Concussions and Academics: Students With Concussions Worry About School Performance, Study Shows

Dr. Gary Harris hopes to improve the way the Howard University Bison football team combats concussion, using this “Lilypad” Arduino chip to measure impact during games. (Photo courtesy of Howard University)
Dr. Gary Harris hopes to improve the way the Howard University Bison football team combats concussion, using this “Lilypad” Arduino chip to measure impact during games. (Photo courtesy of Howard University)
Dr. Gary Harris hopes to improve the way the Howard University Bison football team combats concussion, using this “Lilypad” Arduino chip to measure impact during games. (Photo courtesy of Howard University)

 

(HNGN) – A new study found that kids and teens that had concussions are worried about their academic performance. This burden becomes more difficult depending on the severity of the symptoms.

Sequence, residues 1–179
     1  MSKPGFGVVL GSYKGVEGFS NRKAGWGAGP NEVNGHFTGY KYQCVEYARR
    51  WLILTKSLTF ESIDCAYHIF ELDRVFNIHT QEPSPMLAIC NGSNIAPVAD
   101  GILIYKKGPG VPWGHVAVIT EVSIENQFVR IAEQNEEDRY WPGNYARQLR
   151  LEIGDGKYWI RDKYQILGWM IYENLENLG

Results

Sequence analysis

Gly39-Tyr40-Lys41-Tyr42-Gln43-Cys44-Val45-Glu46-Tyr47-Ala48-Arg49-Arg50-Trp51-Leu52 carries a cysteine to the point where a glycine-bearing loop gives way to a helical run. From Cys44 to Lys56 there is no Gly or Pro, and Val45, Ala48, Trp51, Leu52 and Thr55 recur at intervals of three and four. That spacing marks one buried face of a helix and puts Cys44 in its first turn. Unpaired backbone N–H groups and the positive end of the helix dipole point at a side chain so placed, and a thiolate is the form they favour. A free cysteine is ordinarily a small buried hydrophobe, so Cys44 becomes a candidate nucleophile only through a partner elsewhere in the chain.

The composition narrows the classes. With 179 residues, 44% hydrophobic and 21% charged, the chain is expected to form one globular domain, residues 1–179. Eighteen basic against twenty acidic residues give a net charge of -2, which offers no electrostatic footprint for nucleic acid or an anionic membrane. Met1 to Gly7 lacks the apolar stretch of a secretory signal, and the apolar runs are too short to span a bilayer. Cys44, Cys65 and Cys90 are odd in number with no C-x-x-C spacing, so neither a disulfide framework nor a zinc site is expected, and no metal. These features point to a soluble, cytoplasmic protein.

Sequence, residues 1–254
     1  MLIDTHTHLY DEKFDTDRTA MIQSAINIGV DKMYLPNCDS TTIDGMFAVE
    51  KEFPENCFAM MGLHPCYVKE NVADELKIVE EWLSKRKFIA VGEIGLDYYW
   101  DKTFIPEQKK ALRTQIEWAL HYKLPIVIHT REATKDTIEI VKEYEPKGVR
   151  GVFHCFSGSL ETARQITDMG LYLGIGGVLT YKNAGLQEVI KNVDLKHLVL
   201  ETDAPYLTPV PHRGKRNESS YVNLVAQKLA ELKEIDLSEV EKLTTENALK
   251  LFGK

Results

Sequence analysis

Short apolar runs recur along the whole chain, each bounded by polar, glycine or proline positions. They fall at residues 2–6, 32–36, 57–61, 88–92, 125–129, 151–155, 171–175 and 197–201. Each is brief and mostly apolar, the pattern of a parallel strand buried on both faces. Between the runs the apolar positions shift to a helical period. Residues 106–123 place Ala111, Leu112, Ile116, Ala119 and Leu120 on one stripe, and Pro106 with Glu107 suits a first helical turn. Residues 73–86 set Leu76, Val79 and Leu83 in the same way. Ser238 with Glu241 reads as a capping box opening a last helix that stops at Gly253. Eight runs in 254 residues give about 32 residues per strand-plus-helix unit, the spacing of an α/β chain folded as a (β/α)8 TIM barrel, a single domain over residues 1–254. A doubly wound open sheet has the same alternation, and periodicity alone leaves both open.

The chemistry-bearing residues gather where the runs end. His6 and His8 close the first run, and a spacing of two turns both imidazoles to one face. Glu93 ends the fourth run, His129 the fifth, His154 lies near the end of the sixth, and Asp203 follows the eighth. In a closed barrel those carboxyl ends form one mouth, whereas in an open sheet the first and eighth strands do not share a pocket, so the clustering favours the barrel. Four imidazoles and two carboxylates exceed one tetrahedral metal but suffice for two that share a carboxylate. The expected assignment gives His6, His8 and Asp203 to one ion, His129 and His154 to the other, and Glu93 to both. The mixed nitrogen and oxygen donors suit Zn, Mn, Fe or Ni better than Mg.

According to the U.S. Centers for Disease Control and Prevention (CDC), most people with a concussion recover quickly and fully but some experience the symptoms for days or longer. Some of the symptoms identified include difficulty thinking or remembering, headache and balance problems, irritability and anxiety, and some sleep problems.

Earlier studies had focused more on the effect of concussions on athletes. For instance, a recent study showed that more than half of football players suffer from concussions during practice. But little is known on the effects of concussions on non-football-playing students.

“Taking them off the field, not putting them back on the field with symptoms, but this is really looking at the student side of the equation,” Gerard A. Gioia, study senior author of Children’s National Health System in Rockville, Md., told Reuters Health.

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